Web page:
@judochop supposedly Voltaire, but he never said it in quite that way. That’s a paraphrasing of a sentiment that he shared. The words were written “about” him in a work on his life published in the early 1900s.

filmfann's avatar

In San Francisco, NAMBLA was meeting in one of the City libraries.
While we have to let everyone have the right to free speech, this seemed remarkably stupid, since City taxpayers were now paying for a meeting place for one of the most abhorent groups I know of.

faye's avatar

@filmfann Did no-one petition?

filmfann's avatar

@faye Once it hit the newspapers, there was a lot of yelling, but the City said they couldn’t stop it.

faye's avatar

I think I could have walked with a sign in my hand for that. I should have said protest but I’ve had a wee bit of wine.

Nullo's avatar

@Simone_De_Beauvoir
that was your first completely unnecessary self-serving and instigatory (yes I made that a word) comment of the bunch.
It’s true though, innit? I didn’t use the pretty words for that one, since the frills tend to soften and hide the more uncomfortable parts of the truth. This is what children are before they’re born, hence “unborn children.”
@dpworkin‘s response was much better than yours, by the way. More content, less grousing.

…take it elsewhere (preferably away from fluther)
Aw, and here I thought that Fluther welcomed differing viewpoints. Nice job avoiding the question, though.

I am personally insulted and outraged that you’d say that PP is worse than KKK and by comparison bring about more harm..I am offended on behalf of my mother who’s had abortions, on behalf of my friends and myself who’ve used the services of PP and have volunteered and donated to them…we know what is the good that they do even if you don’t.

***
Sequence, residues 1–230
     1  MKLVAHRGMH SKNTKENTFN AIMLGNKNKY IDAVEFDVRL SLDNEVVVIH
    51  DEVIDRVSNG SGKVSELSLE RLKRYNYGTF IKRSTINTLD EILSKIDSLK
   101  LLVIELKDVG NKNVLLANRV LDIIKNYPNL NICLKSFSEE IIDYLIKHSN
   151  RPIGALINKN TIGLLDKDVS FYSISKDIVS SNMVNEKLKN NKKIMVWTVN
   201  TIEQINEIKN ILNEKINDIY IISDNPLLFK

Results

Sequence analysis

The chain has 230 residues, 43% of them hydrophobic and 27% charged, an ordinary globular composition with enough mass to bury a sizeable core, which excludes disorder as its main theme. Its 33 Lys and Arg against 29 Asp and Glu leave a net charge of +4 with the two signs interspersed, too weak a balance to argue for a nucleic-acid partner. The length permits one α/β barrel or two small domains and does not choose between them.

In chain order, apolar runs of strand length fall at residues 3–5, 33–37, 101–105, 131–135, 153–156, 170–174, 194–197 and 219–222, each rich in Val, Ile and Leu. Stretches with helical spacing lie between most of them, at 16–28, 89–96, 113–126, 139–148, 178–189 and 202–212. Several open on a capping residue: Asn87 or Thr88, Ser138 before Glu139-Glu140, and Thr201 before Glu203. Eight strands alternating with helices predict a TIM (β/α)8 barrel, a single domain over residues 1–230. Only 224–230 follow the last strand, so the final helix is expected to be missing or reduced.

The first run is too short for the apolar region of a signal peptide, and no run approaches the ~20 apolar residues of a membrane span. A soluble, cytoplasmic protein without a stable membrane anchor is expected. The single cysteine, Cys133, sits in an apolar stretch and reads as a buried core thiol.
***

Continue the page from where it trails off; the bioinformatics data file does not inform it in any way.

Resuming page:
Well, that’s tough. I’m not here to avoid bruising your feelings. Speak your mind, be yourself, all that good stuff, right?
The Klan has evil philosophies. Planned Parenthood has evil practices. Evil is evil, but some kinds of evil have a more profound impact than others.
Maybe we ought to explore why you’re offended? Or perhaps you could explain the good that you see in snuffing out the unborn. I can understand abortion’s value as a medical procedure – someone recently made a post about abortion in the face of cervical cancer, and I think that I could get behind that – but for convenience? To cover for irresponsibility? Nuh-uh. And yes, I am aware that Planned Parenthood offers services beyond abortion.

The Klan has a terrible past, and they’re only marginally nicer today. But in terms of current threat (unless they simply don’t make enough impact to compensate for the way that I don’t keep up with the news) – body count in particular – they’re laughable, especially when you compare them to an organization that annually unplugs millions of people before they’ve even had a chance at life.
And don’t even get me started about PP’s racist roots.

judochop's avatar

@Nullo When comparing apples to oranges is it okay to tell a blind person they taste the same?

Nullo's avatar

@judochop
No, but it is okay to say that they’re both tree-borne citrus fruits. And we already have grape-flavored apples; orange-flavored ones shouldn’t be too hard to manage :D
This all began when I used Planned Parenthood as an example of another organization that I loathe and yet must put up with. Then @dpworkin and @Simone_De_Beauvoir took issue. The rest is history.

Oh, and that quote of yours is presumably from Voltaire. Interesting guy; as you might imagine, he and I disagree about some things :D

judochop's avatar

@Nullo I’ve been following. I made sure to read down first.
Oh and grape apples and soon to be orange ones is an excellent response. You are right but all things grow on trees right? At least the equivalent to a tree or branch. We are planted, rooted, sprouted and then grow, branch off and seed again. It’s easy for me to see where the good and bad run in the same vein. Surely you can see that, right? I neither like nor dislike PP so my feelings for them are somewhat neutral. I’ve had experiances with them. I’ve also had experiance with hate crime. I can tell you, hate crime spread through me like a virus. The KKK have the right to esemble and the right to march just as we all do but never without the risk of someone or another organization putting in thier own $0.02

Nullo's avatar

@Broken_Arrow